Charing Cross: The Center of the City

Charing Cross

While Charing Cross is not exactly the central point of The Sherlock Holmes story The Man with a Twisted Lip, it is (as some would say) the central point in London and specifically refers to a junction of interconnecting streets. Here, the Strand, Whitehall, The Mall, Cockspur Street, and a few other smaller roads all flow into a roundabout that is located due south of Trafalgar Square. If you were to look at a zoomed out map (like the one seen below), this roundabout seems to be the geographical center of London and though the center could refer to many locations around the same area, it stands to be said that Charing Cross is has been used as a primary indicator of how far one is from the city since the early 1600s. For example, if you were to live in Brighton, one would measure the distance between the two cities by each’s midpoint: London’s being Charing Cross. In fact, because it was so central, coaches could be taken from here to many major cities in England such as Brighton in the south, Dover in the east, Cambridge in the north, and Bath in the west.

Charing Cross modern

As indicated by the Booth Poverty Archive, Charing Cross and the surrounding area is primarily middle class with few wealthy citizens and fewer in the low class. Because of this I assumed that the primary type of criminal activity would be petty larceny—those without money coming to take from those with—but I forgot about the main purpose for Charing Cross: the roadway. I have seen murder and theft time and time again but this was the first time I ever saw any accounts of vehicular manslaughter. Interestingly enough, some were deemed guilty and some were not even though I could not figure out why.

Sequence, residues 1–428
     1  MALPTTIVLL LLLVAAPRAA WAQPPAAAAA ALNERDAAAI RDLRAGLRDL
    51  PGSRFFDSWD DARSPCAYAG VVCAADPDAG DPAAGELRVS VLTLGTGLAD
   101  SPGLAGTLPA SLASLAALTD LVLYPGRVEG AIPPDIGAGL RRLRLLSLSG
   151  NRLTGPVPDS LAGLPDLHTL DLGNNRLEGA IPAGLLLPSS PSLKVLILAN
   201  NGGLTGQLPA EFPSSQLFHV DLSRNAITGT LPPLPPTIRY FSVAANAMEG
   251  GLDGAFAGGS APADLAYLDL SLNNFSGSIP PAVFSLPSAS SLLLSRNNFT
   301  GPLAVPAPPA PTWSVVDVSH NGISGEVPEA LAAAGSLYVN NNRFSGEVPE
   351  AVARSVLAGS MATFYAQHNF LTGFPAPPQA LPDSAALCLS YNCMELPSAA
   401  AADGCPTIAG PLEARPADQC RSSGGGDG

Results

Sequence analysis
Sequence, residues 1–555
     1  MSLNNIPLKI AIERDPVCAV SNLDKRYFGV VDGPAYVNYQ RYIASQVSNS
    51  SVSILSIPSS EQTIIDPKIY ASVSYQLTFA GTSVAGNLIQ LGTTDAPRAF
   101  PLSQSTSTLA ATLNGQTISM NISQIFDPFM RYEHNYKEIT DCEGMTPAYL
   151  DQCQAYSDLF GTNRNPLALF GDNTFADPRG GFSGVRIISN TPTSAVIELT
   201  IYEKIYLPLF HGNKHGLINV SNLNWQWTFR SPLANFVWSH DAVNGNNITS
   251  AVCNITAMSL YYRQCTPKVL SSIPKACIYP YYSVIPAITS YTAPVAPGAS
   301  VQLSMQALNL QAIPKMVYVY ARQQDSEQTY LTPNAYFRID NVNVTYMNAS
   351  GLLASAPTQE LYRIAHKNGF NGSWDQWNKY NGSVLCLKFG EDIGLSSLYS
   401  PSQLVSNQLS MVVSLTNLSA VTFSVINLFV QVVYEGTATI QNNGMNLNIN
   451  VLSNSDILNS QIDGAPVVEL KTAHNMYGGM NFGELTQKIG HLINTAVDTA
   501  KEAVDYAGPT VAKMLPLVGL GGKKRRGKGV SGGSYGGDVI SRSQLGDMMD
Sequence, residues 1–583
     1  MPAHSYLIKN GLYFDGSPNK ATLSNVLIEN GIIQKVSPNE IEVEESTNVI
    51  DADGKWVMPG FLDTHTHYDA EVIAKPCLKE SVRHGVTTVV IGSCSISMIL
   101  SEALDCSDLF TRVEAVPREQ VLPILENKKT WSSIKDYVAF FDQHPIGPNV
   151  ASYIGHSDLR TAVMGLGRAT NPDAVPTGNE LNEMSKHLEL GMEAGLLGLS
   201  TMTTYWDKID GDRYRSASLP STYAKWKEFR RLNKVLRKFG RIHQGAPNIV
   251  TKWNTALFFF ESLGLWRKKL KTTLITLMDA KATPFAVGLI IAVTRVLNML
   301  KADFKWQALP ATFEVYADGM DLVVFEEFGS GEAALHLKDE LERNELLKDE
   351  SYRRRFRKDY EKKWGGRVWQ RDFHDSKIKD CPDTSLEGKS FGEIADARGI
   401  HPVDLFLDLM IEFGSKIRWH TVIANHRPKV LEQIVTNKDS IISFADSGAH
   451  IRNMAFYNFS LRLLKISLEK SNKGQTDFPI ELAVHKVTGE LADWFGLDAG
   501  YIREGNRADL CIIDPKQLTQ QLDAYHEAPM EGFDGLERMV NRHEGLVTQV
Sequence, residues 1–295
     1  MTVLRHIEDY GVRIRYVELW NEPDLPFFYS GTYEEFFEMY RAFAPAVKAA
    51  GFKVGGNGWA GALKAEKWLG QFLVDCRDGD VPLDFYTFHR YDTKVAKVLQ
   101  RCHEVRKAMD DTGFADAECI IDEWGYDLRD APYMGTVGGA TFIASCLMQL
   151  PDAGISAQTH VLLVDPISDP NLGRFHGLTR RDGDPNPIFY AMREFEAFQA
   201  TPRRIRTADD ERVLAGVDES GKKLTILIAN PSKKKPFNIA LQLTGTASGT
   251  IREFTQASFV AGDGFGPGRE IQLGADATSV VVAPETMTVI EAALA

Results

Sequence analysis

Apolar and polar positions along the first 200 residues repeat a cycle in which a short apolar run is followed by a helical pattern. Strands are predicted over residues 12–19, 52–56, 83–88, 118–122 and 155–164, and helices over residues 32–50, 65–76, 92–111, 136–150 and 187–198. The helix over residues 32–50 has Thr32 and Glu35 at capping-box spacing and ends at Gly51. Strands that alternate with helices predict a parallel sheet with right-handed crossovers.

In the Sherlock Holmes story we read, the duo was out in the country (in an area called Lee) and Watson makes a note that they have already been through three other counties. Later on, Sherlock says: “I think, Watson, that you are now standing in the presence of one of the most absolute fools in Europe. I deserve to be kicked from here to Charing Cross.” This is the only mention of Charing Cross in the story, however it explains the importance of location. According to himself, Sherlock’s stupidity should send him walking straight back to London—referred to by its geographical center because they are out in the country.